Capture does not support preserving non-uniform scaling such as stretching or mirroring. Objects with non-uniform scaling will still import correctly, but when replacing them with Capture library objects their orientation will not be preserved.

3.4.6 Portable Document Format (.pdf)

Vector based contents of PDF files can be imported as a 2D model. Raster based content, such as images, do not import. Only the contents of the first page of a PDF is imported. The imported model is scaled according to the page size.

3.4.7 Sketchup (.skp)

This is the native format of Trimble’s Sketchup make and Sketchup Pro software packages.

While Sketchup supports double-sided materials Capture does not and will favor the front material over the back material. Capture will also preserve block and group transformations (useful for replace fixture operations) as long as no lines or surfaces in the group have been subject to mirroring.

Group and component names are used as the Drawing name and component definition names are used as the Drawing block name.

3.4.8 WaveFront (.obj)

The OBJ file format was developed by Wavefront Technologies for its Advanced Visualizer animation package in the 1980s. It is a simple and text based, yet very competent file format.

As with the 3DS format, OBJ files do not have material textures embedded. Instead they are loosely packaged alongside the OBJ file, typically in a separate folder.

Group names are used as the Drawing name.

3.5 Import Fixture Data

This command allows you to import a CSV (and TSV) text files containing fixture instance/patch information which can be used either to add new fixtures to or update existing fixtures in your project.

CSV files are text files with information structured in a spreadsheet-like manner using (typically) commas as column dividers and linebreaks as row dividers. Because they are text files they can be opened and modified in text editors such as TextEdit or Notepad, but they are more typically produced an consumed by spreadsheet applications such as Numbers or Excel.

Capture attempts to configure itself automatically based on the headers Capture uses itself when using the Export Fixture Data command, but also based on headers produced by other popular softwares. However, because ultimately any columns may be present in a CSV file it may be necessary to manually map some columns from the CSV file to Capture fixture properties. This is done in the File column mapping section.

In order for Capture to know whether to update an existing fixture or add a new fixture it is also necessary to select a property by which to uniquely identify fixtures. This is done with the Identify fixture by dropdown choice.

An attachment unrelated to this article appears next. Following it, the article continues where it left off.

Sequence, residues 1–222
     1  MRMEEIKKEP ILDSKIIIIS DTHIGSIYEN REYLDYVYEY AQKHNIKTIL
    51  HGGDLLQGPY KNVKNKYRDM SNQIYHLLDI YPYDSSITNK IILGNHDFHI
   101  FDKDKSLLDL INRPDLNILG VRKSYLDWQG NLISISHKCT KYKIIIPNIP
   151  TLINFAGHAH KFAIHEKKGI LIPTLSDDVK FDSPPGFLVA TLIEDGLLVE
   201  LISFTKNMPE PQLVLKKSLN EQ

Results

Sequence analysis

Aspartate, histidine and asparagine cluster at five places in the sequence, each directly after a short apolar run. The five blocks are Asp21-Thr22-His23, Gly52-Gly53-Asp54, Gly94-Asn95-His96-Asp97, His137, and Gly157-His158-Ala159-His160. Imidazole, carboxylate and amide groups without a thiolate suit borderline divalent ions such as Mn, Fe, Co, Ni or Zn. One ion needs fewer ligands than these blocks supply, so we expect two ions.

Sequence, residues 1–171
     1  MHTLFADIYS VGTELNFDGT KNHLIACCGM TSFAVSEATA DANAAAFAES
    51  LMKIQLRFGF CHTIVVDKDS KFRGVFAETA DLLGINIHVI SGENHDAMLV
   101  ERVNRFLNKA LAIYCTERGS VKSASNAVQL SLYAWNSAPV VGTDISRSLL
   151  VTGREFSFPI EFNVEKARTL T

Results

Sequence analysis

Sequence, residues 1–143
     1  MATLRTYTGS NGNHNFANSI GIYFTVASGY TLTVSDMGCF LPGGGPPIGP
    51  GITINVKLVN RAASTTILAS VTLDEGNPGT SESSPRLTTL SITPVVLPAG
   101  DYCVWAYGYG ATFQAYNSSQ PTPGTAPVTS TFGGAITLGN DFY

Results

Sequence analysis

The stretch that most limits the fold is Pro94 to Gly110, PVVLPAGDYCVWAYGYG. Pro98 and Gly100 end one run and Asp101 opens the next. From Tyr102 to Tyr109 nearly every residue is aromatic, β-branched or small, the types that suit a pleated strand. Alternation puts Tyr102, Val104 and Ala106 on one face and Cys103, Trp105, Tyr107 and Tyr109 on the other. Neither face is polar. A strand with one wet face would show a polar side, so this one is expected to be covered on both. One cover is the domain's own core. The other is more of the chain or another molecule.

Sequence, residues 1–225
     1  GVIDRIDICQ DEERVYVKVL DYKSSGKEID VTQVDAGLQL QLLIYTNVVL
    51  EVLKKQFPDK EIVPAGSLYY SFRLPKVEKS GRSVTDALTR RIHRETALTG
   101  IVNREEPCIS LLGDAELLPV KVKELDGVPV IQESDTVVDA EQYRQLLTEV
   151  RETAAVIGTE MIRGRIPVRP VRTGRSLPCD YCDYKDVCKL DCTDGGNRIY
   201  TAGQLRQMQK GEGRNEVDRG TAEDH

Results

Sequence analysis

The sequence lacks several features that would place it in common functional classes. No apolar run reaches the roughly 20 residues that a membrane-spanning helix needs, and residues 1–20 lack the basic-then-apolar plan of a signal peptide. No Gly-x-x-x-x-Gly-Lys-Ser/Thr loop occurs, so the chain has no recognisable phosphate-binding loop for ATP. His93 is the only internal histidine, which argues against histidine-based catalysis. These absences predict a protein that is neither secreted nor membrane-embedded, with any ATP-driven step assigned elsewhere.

When Capture finds fixtures in the data file that do not exist in your project it can add new fixtures based on the information in the file. How to determine the type of fixture to add is decided by the column selected for the Fixture property of the New fixtures subsection.

Optionally, Capture can also replace imported objects in your project file with new fixtures. This behaviour is enabled by selecting a column for the Drawing name property of the New fixtures subsection. Capture then uses the Drawing name property of imported objects with the selected column of the data file to find matches. It is possible to choose whether the match needs to be exact or only partial using the Drawing name matching property.

3.6 Import Project Content

This command allows you to import layers, filters, reports, plot styles and plots from other projects.

3.7 Export Project

These commands allow you to export your project to older versions of Capture.

3.8 Export Model

This command exports the model of the project for use in other 3D software. To export plots, use the Plots category of the Design tab or the Plot Editor instead.

3.8.1 Autodesk Drawings (.dxf, .dwg)

Models exported to DXF or DWG files includes all geometry, layers and materials (but not including textures). Distance and angle measurements are exported as dimensions. Blocks are used for repeating geometry such as fixtures and trusses as well as object groups.

Several attributes such as Unit, Note, Annotation, Channel, Patch, and Circuit are also exported, depending on the type of objects.

3.8.2 glTF (.gltf, .glb)

Models exported to glTF files include all geometry and materials (including textures). The scene graph includes object groups.

Exported files also contain the CAPTURE_model glTF extension with fixture data information, including the full patch, filters and gobos. For more information on the CAPTURE_model extension, see the Developers page on our website.

3.8.3 My Virtual Rig (.mvr)